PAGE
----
October 23, 2009


Let's hope. The Crabs are taking over!

I-64 West, the main interstate through Hampton Roads, just closed because a truck overturned and spilled live crabs across the interstate.

Think I'm joking? See below.

October 21, 2009

That's My Dad, The COACH.

I had a t-shirt that said just that when I was about 4 years old. I remember it so distinctly, it had a little cheerleader, with a rainbow behind the big black bold lettering. I saved it and wore it for many years after I should have, but when it finally became a belly shirt Lisa decided it was time for it to hit the trash can. But when I went home this summer she pulled out the t-shirts she's going to have a big quilt made out of ... and I had it saved. I tell you I loved that shirt.

My dad is a high school football coach, and is in his 40th year (I believe) as the head coach at Hampton High School in Virginia. Before that he was an assistant coach for the same team for over 5 years. Yes indeed, he is old enough to have coached for that long. When some of you, and even some of your parents, were mere ideas. BUT, 16 years after he had been a head coach I was born on November 26th. Last night he told me he would never forget that day "in his whole entire life" (which if he hasn't forgotten this after his 68 year life, we're on a good roll, even though it's only been 23 years since I arrived... *I have no idea what that sentence means. But you get the idea). This was the conversation we had:

Me: "Who's coming home for Thanksgiving? Who's going to be eating with us?"
Dad: "Well, it looks like it will be me, you, your mother, Piper, and Star."
Me: "Well what are we doing this Thanksgiving other than being grateful?"
Dad: "have good company with Leigh-Taylor"
Me: "No"
Dad: "eat good"
Me "No"
Dad: "I don't what else is going on?"
Dad: "OH, Your birthday! ... I'll never forget that day" (wait for it) ...

"You looked like a little something that had been dipped down in a tub of lard."


After they bathed me and took me home for a little over 24 hours I attended my first Hampton High School football game. At four days old. We won the state championship 2 weeks later. My dad has garnered about 13 of those in his years at Hampton High School. And, he is also the winningest coach in Virginia High School Football History. And he is in the Top 5 winningest coaches in the US. But, you know what? While all of that stuff is pretty cool, I believe the coolest thing is the number of lives he has changed.

When I was getting ready for Miss America I tried to think back on why exactly I am the way I am. Why I feel compelled to help people I see suffering. Why I want to change our society so that our kids have a better future. And while my mom was an obvious influence on me by taking me to Meals on Wheels trips when I was a wee thing, and encouraging me to give back to the community in more overt ways I watched my dad from afar and looking back I realize he had a huge impact on my vision of our world. You see, my dad never drew the line at just being a coach. He has been a mentor, and often a father figure to those students that are playing for him. When you're working in a school similar to his you have the ability to keep kids off the street through sports. Talk about changing a life trajectory.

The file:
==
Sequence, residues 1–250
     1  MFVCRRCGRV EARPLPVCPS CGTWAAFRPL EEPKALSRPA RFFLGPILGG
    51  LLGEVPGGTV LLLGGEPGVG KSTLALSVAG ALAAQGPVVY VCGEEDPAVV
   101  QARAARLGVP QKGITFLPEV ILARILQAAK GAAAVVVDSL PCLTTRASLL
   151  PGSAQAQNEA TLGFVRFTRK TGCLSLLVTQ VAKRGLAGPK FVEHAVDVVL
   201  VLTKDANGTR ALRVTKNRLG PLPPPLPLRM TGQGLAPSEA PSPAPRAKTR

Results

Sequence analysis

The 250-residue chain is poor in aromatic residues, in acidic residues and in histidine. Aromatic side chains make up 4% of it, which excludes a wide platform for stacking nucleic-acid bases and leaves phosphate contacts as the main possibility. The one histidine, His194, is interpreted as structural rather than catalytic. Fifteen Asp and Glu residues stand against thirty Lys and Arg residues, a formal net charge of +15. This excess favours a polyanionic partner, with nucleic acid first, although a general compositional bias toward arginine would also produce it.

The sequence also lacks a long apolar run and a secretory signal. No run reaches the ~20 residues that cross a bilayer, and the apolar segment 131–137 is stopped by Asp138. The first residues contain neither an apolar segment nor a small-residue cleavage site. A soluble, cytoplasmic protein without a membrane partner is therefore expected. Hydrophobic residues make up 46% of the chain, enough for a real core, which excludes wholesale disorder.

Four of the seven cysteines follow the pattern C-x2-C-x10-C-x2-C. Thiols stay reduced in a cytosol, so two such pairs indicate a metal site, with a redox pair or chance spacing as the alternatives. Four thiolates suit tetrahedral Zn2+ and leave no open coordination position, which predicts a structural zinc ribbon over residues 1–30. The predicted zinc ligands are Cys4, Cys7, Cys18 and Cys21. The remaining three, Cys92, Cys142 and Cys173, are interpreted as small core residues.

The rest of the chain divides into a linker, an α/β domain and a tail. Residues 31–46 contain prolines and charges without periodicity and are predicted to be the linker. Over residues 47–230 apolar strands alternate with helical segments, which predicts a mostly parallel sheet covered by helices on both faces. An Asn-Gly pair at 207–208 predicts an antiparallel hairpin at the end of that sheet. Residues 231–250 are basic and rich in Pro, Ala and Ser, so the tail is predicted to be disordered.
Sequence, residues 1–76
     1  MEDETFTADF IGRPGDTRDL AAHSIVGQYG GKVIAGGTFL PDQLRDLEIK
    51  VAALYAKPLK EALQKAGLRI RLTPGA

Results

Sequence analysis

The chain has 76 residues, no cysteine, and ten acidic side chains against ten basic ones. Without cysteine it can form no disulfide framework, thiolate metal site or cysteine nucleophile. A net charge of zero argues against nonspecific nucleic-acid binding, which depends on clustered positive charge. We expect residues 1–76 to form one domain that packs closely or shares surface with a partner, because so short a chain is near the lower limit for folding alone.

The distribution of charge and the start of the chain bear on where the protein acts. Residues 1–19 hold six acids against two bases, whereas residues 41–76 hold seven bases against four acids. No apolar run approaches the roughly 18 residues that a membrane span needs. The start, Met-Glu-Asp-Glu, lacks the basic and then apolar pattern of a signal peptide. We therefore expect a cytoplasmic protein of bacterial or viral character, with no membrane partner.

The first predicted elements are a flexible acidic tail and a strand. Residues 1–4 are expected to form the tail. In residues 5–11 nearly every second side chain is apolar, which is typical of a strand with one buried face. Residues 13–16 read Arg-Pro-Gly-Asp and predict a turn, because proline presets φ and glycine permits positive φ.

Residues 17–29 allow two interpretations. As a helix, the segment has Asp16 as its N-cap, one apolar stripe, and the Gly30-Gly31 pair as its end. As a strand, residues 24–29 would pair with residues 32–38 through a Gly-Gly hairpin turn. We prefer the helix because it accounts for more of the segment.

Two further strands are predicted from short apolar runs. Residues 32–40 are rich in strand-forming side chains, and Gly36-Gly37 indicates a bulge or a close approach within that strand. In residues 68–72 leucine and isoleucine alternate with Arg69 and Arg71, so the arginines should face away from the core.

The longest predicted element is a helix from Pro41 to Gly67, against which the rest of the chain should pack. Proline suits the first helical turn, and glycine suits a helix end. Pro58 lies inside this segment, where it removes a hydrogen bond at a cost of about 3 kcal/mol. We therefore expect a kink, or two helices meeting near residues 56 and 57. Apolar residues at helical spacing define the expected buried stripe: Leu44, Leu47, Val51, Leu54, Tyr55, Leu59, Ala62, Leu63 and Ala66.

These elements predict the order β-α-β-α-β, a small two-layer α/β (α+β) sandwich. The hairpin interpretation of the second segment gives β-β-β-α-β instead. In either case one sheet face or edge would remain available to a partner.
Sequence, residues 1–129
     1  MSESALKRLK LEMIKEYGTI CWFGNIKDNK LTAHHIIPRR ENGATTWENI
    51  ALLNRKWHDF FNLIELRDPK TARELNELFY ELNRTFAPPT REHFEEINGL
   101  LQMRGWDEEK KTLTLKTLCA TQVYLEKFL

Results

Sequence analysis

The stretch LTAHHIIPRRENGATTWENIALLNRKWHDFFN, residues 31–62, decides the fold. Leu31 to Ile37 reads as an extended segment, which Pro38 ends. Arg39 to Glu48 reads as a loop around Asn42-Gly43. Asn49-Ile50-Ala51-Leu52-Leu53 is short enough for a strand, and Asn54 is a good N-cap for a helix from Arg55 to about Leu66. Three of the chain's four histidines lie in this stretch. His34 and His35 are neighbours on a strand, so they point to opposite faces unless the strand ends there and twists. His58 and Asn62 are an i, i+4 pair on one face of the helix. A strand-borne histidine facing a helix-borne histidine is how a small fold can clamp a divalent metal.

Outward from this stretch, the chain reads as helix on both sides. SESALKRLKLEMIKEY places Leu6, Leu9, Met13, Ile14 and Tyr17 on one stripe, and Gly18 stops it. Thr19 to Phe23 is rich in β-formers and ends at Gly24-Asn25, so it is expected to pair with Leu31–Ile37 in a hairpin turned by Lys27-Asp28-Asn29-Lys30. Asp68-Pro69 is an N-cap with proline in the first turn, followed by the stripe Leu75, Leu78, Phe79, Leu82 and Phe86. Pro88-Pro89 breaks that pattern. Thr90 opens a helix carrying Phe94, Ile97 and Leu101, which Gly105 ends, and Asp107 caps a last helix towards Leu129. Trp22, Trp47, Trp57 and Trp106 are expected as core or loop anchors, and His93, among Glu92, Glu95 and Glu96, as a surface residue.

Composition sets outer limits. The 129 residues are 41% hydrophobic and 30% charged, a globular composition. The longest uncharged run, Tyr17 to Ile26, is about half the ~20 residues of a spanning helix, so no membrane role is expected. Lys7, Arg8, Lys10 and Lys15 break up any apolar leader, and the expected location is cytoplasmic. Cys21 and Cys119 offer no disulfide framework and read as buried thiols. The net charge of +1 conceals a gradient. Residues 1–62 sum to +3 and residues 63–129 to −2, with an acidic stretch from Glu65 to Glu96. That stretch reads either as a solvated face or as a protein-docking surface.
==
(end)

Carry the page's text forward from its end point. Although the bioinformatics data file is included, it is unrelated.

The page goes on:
I so distinctly remember hanging around with my family on a lazy Sunday afternoon, it was definitely late December/early January ... the time of year that is AMAZING. Because you don't have school or work, but you also don't really want to go out and it's perfect because ... there are so many amazing college bowl games on. SO MANY. ALLL DAY. EVERY DAY. We were all sitting around when we heard our cabinets opening and closing, and at first we were so confused. Finally my dad walked into the kitchen to see what in the heck was going on and 4 of his football players had walked into our home, into our kitchen, and started making themselves plates from Christmas leftovers and cookies. They were and are a part of our family.

He's bought them contact lenses to see the black boards in class and they've joined us at our Thanksgiving table, and really, the list could last for pages. Football has been my dad's life and it's been an amazing thing to be a part of. I learned what it took to get a 1st down, pass interference, holding, delay of game, off-sides, that 11 men should be on the field, and what a 4 3 4 defense is pretty early on in my life. I also played field hockey in high school so I could garner the attention of my father with broken hands, bloody noses, and busted lips.

Either way, the Phoebus - Hampton game has been a big one for the last, eh, 12 years or so. Like there are thousands and thousands of people that go and some don't get in big (even with the extra bleachers they install just for the game). I haven't been home for a game since my third year of college. So I'm going down to see my pops bust a move on Phoebus and I absolutely cannot wait. It's going to be just like old times ... no dinner before games because my mom gets too nervous (she can't eat until well after or her tummy gets a littttle rumbly), so Paul and I will eat a hot dog and scream and scream and scream until the clock hits 0:00. And that's when I'll give my dad a big, proud hug.

(About the screaming part; my mom sits in the top of the stands so she can't hear what people in the stands say about my dad ... whenever something bad happens he's always the bad guy and good, he is the good guy... Lisa can't handle hearing bad things about her man so she sits above it ... Either way, she is always one row beneath the camera that records the film my dad watches every Sunday. She is so obnoxiously loud, my father has not been able to listen to the ball games with sound for 26 years. Twenty - six years.)

When I was a little girl I used to complain about going to the store with my dad because people would always stop him and say "COACH ..." and only goodness knew what they would say, but it always seemed to take us longer to get stuff done. Looking back I realize that's because my dad and I both have no sense of time, and I also remember giggling every time someone would walk away because this would be the exchange: "dad, who was that?" "darlin', I have no idea." ... What I'm trying to say is I was always Coach Smith's daughter. And for so long I wanted to break free from that and make my own name. But you know what? I am so proud and even moreso humbled to say: